2017 Aleppo suicide car bombing

2017 Aleppo suicide car bombing
Part of the Syrian Civil War
Aleppo in Syria (+Golan).svg
LocationRashideen District, western Aleppo, Syria
Coordinates36°10′10″N 37°03′24″E / 36°10′10″N 37°03′24″E / 36.16944; 37.05667
Date15 April 2017
WeaponsCar bomb
Non-fatal injuries

On 15 April 2017, a car bomb detonated near a convoy of buses in the al-Rashideen neighbourhood of western Aleppo, Syria.[2] The buses carried civilian evacuees from the besieged government-controlled towns of al-Fu'ah and Kafriya and were guarded by rebel fighters.[3] The bombing killed at least 126 people[4] including at least 80 children.[5]

The bus evacuation was part of an agreement brokered by the Syrian government, Iran, and Qatar, and implemented by the Syrian Arab Red Crescent.[6] Under the terms of the evacuation deal, residents of the Shia communities of al-Fu'ah and Kafriya, which supported the Syrian government[7] and were surrounded by the Army of Conquest,[8] would be transported to Aleppo.[6] In return, residents of Madaya and Al-Zabadani, which are Sunni-majority and support the opposition, would be transported to the Idlib province.[6]


Witnesses narrations of the bombing

The attack took place in the Rashideen district, in the western outskirts of the city of Aleppo, at about 15:30 local time.[9] According to some journalists, the bomb was in a car that parked and began distributing crisps to attract children.[10][11] This car was near the front of a convoy of buses that were stopped at a checkpoint to move injured refugees.[9][12] An investigation by Bellingcat disputed that it was an aid vehicle, but instead a third-generation Hyundai Porter Super Cab, bearing a "W77" label and a yellow-green-red color scheme, of indeterminate affiliation.[10]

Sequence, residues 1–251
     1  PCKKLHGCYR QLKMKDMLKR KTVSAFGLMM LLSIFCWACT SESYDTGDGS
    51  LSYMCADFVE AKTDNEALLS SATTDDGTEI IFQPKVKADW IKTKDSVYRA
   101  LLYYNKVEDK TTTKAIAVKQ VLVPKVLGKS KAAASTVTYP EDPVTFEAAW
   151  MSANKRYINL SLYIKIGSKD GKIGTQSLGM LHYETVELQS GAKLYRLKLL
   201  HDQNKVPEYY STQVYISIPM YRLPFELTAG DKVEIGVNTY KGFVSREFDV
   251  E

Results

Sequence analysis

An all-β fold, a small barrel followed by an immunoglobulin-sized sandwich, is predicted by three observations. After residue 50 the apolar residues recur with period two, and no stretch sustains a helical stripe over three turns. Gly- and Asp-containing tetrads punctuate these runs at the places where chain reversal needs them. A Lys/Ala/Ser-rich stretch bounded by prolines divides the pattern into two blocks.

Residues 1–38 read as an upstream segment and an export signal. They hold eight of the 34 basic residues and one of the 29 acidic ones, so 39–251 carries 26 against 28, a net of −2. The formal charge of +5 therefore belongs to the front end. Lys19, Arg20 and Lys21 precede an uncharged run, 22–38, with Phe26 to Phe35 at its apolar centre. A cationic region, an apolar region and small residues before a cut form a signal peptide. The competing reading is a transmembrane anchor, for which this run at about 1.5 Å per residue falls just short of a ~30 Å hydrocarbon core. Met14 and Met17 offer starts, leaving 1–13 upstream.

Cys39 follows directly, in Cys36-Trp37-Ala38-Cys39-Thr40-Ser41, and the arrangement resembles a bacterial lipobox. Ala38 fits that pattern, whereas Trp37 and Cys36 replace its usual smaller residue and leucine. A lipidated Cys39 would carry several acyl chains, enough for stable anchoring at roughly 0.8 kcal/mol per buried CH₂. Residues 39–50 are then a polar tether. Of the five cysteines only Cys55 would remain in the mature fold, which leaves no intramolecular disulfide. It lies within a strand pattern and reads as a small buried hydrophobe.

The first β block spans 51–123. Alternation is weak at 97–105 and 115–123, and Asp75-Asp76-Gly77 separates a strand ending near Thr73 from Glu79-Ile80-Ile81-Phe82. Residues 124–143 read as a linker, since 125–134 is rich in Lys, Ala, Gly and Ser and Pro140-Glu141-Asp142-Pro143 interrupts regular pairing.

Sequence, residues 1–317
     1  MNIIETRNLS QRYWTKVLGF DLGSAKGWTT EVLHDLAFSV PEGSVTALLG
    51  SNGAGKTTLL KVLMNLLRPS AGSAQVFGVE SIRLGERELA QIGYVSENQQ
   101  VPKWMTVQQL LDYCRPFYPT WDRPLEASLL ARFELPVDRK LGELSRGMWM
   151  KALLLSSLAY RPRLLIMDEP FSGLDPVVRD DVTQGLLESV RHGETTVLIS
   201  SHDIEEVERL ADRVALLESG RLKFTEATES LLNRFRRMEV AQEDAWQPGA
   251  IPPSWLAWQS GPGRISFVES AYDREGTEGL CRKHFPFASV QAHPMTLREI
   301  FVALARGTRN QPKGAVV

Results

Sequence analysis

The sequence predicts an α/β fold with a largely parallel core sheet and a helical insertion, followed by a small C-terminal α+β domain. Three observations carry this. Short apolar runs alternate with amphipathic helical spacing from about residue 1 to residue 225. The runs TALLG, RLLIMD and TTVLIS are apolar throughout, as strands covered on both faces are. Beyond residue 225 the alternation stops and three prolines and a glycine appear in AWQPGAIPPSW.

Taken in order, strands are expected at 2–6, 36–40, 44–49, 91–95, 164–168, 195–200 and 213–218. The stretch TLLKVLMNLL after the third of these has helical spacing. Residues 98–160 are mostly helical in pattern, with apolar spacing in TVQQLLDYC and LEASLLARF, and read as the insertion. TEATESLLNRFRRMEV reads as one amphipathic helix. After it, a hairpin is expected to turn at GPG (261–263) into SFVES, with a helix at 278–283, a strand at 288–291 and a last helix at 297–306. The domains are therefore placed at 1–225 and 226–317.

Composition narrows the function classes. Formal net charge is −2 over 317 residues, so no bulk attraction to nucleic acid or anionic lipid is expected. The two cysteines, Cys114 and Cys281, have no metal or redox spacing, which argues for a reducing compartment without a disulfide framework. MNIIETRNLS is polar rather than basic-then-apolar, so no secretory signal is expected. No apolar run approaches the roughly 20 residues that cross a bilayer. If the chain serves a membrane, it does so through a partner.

Early reports indicated that a few dozen people had been killed,[13] but the confirmed death toll rose to 126 by the following day, according to the Syrian Observatory for Human Rights.[9] The Observatory said that 109 of the dead were refugees, including 68 children, with the remainder rebel fighters and aid workers,[9] though a spokesman for the Ahrar al-Sham rebel group said that about 30 of its members were killed.[14] According to the White Helmets civil defense group, 55 people were injured.[15]

The bombing led to the suspension of evacuations for several days; they resumed on 19 April with tight security at the Rashideen checkpoint.[16] Three days after the bombing, a United Nations spokesperson said that the bombing was "likely a war crime" and a person of interest seen in footage prior to the bombing is being investigated.[17]